Why Analysts Are Calling Out Groupon as ‘Dead Money’ for Now

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Groupon Inc. (NASDAQ: GRPN) remains one of the Web 2.0 companies that had great promise but that remains in somewhat of a state of limbo. The daily deals and online coupons site wants to be much more than daily deals and online coupons. Unfortunately, it’s been a long journey with starts and stops, and many analysts are now treating Groupon like it’s just going to be dead money.

When Groupon reported earnings this week, it posted $0.07 in earnings per share (EPS) and $873.2 million in revenue. Thomson Reuters had its consensus estimates at $0.09 EPS and revenue of $852.81 million. That may be mixed, but a year-over-year comparison showed that the fourth quarter of last year had EPS of $0.07 and $934.88 million in revenue.

Also driving down the trend was that gross billings totaled $1.58 billion in the fourth quarter. That was down 2% (or 4% on a currency-neutral basis) from $1.61 billion. Groupon still claimed to have added 200,000 net new North American active customers and another 200,000 net new active internal customers.

Shares of Groupon were down about 11% at $4.62 when we covered this stock Wednesday, and its shares were basically at $4.61 (down 2% on the day) on Thursday after the analyst reports were seen. Groupon’s pre-analyst change consensus price target was $5.47, and it has a 52-week trading range of $2.90 to $5.99.

Credit Suisse has a Neutral rating, but it lowered the price target to $4.90 from $5.15. The firm sees Groupon’s results as mixed, but the 2018 outlook is under expectations. Also noted is a disappointing local billings in North America, and a shift in the mix of its business is having a negative impact on billings growth and a near-term negative impact on gross profit and EBITDA. Credit Suisse still sees Groupon as having a long-term tailwind given that it has a potential to transform the value proposition for users and merchants, but it still sees its operating metrics as likely to remain volatile over the coming quarters. The firm simply views Groupon shares as fairly valued.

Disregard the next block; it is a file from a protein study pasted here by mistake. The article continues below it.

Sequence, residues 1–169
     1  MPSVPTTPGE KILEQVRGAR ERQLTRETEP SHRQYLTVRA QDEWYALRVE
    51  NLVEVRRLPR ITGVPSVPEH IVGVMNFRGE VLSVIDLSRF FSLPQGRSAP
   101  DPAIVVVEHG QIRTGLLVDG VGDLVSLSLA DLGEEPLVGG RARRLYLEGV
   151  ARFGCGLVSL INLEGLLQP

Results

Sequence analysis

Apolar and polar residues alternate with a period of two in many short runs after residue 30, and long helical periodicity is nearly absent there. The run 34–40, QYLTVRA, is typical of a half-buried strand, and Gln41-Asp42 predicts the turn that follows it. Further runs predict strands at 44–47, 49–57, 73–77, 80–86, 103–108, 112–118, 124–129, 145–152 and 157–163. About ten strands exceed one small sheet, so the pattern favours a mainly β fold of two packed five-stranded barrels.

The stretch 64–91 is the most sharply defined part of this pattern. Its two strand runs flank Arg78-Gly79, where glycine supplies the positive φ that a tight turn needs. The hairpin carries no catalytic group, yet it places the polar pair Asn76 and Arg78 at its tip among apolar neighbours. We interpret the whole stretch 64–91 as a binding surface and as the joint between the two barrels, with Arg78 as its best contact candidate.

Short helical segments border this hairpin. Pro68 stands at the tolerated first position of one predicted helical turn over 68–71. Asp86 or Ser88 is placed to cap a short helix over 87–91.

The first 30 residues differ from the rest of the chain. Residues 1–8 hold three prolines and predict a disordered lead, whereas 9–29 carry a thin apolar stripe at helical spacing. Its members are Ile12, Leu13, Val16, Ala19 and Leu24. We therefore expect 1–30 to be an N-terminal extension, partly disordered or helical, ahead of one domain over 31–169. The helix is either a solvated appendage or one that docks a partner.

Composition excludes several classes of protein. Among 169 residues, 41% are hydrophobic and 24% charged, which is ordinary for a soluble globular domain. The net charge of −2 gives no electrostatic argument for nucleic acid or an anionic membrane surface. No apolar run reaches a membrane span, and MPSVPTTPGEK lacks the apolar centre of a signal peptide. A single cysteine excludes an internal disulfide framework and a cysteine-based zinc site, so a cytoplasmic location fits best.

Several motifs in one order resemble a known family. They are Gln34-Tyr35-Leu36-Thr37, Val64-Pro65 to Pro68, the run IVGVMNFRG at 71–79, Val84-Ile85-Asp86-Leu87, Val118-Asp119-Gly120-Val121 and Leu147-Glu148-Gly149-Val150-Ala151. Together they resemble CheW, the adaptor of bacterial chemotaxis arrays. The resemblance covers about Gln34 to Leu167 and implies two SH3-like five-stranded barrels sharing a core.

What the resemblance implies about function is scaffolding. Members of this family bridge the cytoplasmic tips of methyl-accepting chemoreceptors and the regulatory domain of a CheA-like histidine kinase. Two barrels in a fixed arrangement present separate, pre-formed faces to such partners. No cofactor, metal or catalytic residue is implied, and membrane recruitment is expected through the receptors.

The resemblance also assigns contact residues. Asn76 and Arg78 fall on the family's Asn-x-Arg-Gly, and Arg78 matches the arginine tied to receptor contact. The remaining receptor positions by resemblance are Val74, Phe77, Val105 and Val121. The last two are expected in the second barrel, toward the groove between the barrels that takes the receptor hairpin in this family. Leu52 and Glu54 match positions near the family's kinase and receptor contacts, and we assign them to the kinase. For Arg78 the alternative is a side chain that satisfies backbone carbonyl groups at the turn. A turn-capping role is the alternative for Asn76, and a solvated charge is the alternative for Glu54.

Merrill Lynch has an Underperform rating on Groupon and the firm lowered its price target to $4.00 from an already sub-current target of $4.10. The Merrill Lynch investment case noted:

Groupon is an investment in several positive Internet industry growth trends including the migration of local commerce to online channels and growth in usage of mobile devices and apps. However, we anticipate investor sentiment to remain negative until Groupon demonstrates its marketing investments are driving higher growth and customer engagement trends, or until the Street has visibility on improved EBITDA margins.

JPMorgan still has a Neutral rating, and the firm lowered its price target to $5.00 from $6.00.

Morgan Stanley has an Underweight rating, and the firm cut its target from $4.50 to $4.30.

Wedbush Securities has a Neutral rating and lowered its price target to $4.75 from $5.00.

Goldman Sachs did manage to upgrade Groupon’s rating back in January, but only to a still-cautious Neutral rating from the dreaded Sell.

Even if you consider that the markets have recovered handily since last week’s panic selling lows (also aided by inefficiencies in the market from volatility — the tail wagging the dog), it is important to understand that in this bull market there are many companies accomplishing extraordinary things and driving extraordinary profit and revenue growth.

A simple mantra to keep in mind is this: Why should any investor pay up to eat crow when there is an endless supply of free meat and potatoes?